The U.S. economy could shrink 4% this quarter and 14% next quarter, and for the year is likely to shrink 1.5%, a JP Morgan economist said on Wednesday, in one of the most dire forecasts yet issued for the potential hit from the coronavirus epidemic.
U.S. chief economist Michael Feroli also forecast unemployment to rise to 6.25% by the middle of the year before easing to about 5.25% by year end as economic growth restarts.
The forecast assumes the Fed will continue to find “creative” ways to support the economy and that the Trump administration and Congress deliver fiscal support of $1 trillion.
Meanwhile, the Atlanta Fed raised its first quarter growth estimate.
The Atlanta Fed’s GDPNow model estimate for real GDP growth (seasonally adjusted annual rate) in the first quarter of 2020 is 3.1 percent on March 18, up from 2.9 percent on March 17.
“After this morning’s new residential construction report from the U.S. Census Bureau, the nowcast of first-quarter real gross private domestic investment growth increased from 6.3 percent to 7.5 percent,” the Atlanta Fed said.
As of last week, the New York Fed was much more pessimistic than Atlanta.
As of last Friday, the New York Fed Staff Nowcast was at 1.6% for 2020:Q1 and 1.1% for 2020:Q2.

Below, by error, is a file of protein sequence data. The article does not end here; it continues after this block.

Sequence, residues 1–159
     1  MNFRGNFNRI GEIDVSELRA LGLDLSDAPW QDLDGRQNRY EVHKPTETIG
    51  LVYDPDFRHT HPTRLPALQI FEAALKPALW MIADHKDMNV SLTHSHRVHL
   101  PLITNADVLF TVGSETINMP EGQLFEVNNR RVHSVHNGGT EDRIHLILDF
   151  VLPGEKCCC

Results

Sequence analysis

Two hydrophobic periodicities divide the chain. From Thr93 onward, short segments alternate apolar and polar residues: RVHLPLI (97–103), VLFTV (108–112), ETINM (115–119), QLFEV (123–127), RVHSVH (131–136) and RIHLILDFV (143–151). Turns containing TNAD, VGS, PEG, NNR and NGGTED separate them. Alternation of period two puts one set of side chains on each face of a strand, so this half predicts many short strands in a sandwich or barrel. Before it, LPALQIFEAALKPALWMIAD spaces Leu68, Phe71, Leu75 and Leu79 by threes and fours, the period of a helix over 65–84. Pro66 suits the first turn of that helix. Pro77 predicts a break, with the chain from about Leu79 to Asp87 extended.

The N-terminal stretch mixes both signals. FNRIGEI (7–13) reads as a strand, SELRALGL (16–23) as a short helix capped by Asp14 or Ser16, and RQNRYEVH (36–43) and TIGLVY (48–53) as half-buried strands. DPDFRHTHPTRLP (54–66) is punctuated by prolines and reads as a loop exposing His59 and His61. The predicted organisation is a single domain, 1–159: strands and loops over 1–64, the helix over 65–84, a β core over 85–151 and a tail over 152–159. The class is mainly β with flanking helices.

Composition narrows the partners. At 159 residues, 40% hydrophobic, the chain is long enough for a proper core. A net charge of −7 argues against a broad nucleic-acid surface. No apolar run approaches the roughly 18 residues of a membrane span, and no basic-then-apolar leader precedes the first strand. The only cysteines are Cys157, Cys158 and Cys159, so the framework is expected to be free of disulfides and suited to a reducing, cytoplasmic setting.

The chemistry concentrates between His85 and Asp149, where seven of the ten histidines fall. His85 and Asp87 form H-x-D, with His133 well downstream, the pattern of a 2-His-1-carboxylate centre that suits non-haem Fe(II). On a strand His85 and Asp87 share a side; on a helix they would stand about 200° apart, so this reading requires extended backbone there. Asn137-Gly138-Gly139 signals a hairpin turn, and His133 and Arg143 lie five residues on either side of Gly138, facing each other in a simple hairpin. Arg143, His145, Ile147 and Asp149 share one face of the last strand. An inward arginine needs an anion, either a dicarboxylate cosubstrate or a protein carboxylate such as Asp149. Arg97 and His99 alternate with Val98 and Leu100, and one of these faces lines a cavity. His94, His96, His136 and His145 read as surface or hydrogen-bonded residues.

Meanwhile, President Donald Trump now sees the risk of a U.S. recession due to the coronavirus, warning on Monday “this is a bad one.”
His frankness, which contradicted his previous optimism and the view of Treasury Secretary Steven Mnuchin one day earlier that the nation could skirt this fate, rattled investors, Bloomberg explained.
Forecasts for the U.S. vary wildly, with some guessing economic activity could decline by as much as an annualized 5% or even 10% in the second quarter. An even harder question is how long the slowdown will last: a short, sharp shock or something lingering or nasty.
“The middle two quarters of this year are going to be very challenging even if we get the spread of the coronavirus under control quickly,” said Carl Tannenbaum, chief economist at Northern Trust Corp. in Chicago and former Fed staffer.
This report uses material from Bloomberg.